There are a few potential causes for why a tooth might be darker than the others.
It sometimes occurs that you may have an enamel defect in that tooth. Most of the time, this won’t make your tooth turn dark: your tooth will have always been dark. But sometimes there’s a defect that may cause one tooth to stain more than your other teeth.
Tooth Decay and Infection
A cavity can cause the tooth to darken. You may not see the cavity on the surface: it could have a small hole at the top, but much more decay underneath. This is why we use DIAGNOdent, a laser cavity detection system that can find tooth decay hiding under the surface.
If a tooth develops a significant amount of decay, it can become infected. Oral bacteria invade the center of a tooth, killing the nerve and filling the tooth with bacteria. This can cause the tooth to become dark in color.
Metal Amalgam Fillings
Sometimes the cure is almost as bad as the disease, and that’s the case for metal amalgam fillings. They can be used to fill in a cavity, but the silver metal can turn dark as it oxidizes. Sometimes, the filling can even make the entire tooth turn dark in color.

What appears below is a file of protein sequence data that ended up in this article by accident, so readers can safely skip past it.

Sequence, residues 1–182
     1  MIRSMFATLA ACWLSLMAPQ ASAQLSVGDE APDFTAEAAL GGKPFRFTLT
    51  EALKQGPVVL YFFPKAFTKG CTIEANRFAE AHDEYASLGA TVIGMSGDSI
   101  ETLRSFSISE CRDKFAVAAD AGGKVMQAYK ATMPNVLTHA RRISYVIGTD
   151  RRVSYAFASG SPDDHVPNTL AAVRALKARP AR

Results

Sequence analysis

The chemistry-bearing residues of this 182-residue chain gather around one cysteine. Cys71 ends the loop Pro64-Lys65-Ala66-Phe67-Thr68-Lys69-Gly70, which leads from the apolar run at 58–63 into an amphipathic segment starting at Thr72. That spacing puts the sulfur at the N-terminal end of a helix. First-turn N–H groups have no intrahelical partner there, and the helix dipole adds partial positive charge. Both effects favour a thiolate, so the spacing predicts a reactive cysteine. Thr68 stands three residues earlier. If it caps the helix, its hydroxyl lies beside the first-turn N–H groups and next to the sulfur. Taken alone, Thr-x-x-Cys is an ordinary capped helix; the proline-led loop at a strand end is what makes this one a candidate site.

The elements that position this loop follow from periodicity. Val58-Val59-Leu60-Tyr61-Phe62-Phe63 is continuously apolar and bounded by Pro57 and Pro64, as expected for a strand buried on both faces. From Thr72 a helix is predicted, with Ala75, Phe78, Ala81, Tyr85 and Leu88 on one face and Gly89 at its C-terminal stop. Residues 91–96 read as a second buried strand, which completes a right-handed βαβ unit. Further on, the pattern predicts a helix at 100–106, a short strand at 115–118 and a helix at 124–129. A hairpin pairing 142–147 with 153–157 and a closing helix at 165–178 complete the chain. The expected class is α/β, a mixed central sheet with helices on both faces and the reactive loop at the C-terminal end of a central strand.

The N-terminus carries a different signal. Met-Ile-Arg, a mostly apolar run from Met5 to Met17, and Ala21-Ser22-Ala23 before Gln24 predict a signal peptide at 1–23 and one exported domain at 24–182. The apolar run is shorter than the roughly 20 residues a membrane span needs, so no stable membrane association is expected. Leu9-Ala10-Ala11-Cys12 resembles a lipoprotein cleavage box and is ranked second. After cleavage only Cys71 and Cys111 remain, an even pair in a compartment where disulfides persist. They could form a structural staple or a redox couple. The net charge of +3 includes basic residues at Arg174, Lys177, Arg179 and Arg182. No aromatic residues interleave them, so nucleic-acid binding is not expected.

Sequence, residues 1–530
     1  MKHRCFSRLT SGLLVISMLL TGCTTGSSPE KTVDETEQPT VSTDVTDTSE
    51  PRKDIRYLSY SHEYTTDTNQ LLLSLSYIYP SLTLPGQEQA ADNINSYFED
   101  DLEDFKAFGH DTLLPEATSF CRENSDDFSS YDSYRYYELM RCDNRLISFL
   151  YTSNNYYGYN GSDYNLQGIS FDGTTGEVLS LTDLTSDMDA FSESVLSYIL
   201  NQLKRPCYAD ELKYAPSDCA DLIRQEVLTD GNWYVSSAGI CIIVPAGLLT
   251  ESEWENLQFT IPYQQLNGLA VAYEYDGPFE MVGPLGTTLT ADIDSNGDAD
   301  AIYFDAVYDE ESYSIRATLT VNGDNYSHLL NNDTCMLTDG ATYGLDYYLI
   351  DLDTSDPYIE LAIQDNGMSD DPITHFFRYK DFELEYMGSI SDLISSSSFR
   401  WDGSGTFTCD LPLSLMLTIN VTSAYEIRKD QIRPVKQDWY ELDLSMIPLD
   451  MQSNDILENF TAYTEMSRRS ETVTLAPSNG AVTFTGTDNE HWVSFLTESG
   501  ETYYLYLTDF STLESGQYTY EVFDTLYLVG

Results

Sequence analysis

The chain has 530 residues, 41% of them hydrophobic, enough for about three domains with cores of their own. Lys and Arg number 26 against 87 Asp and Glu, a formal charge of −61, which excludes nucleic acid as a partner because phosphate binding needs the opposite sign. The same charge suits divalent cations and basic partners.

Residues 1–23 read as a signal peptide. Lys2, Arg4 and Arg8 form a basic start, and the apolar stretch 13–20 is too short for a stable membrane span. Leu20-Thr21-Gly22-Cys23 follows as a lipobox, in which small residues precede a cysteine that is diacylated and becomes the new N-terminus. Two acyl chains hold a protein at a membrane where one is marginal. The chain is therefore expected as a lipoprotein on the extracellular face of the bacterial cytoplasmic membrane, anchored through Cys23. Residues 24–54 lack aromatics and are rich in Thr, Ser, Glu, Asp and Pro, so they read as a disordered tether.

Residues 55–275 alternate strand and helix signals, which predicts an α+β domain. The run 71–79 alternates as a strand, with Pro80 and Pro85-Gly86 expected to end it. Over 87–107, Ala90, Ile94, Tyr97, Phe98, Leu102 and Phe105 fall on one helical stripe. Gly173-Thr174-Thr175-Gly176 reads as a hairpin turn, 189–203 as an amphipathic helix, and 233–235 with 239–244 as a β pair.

Another common cause of tooth discoloration occurs when your tooth gets struck. The tooth may initially seem fine, but, slowly, it turns darker in color than your other teeth. The tooth nerve may have died inside.
How to Fix a Discolored Tooth
If a single tooth has become discolored, we have a couple of options. In some cases, we can try tooth bleaching on the discolored tooth. This is an unreliable and unpredictable treatment option.
A more reliable approach is using porcelain veneers to cover the discolored tooth. This can give consistent, attractive results.
Sometimes, in the case of tooth decay, trauma, or large metal amalgam filling, we might recommend root canal treatment and a porcelain crown instead of a veneer. Which treatment is best for you depends on the exact condition of your teeth.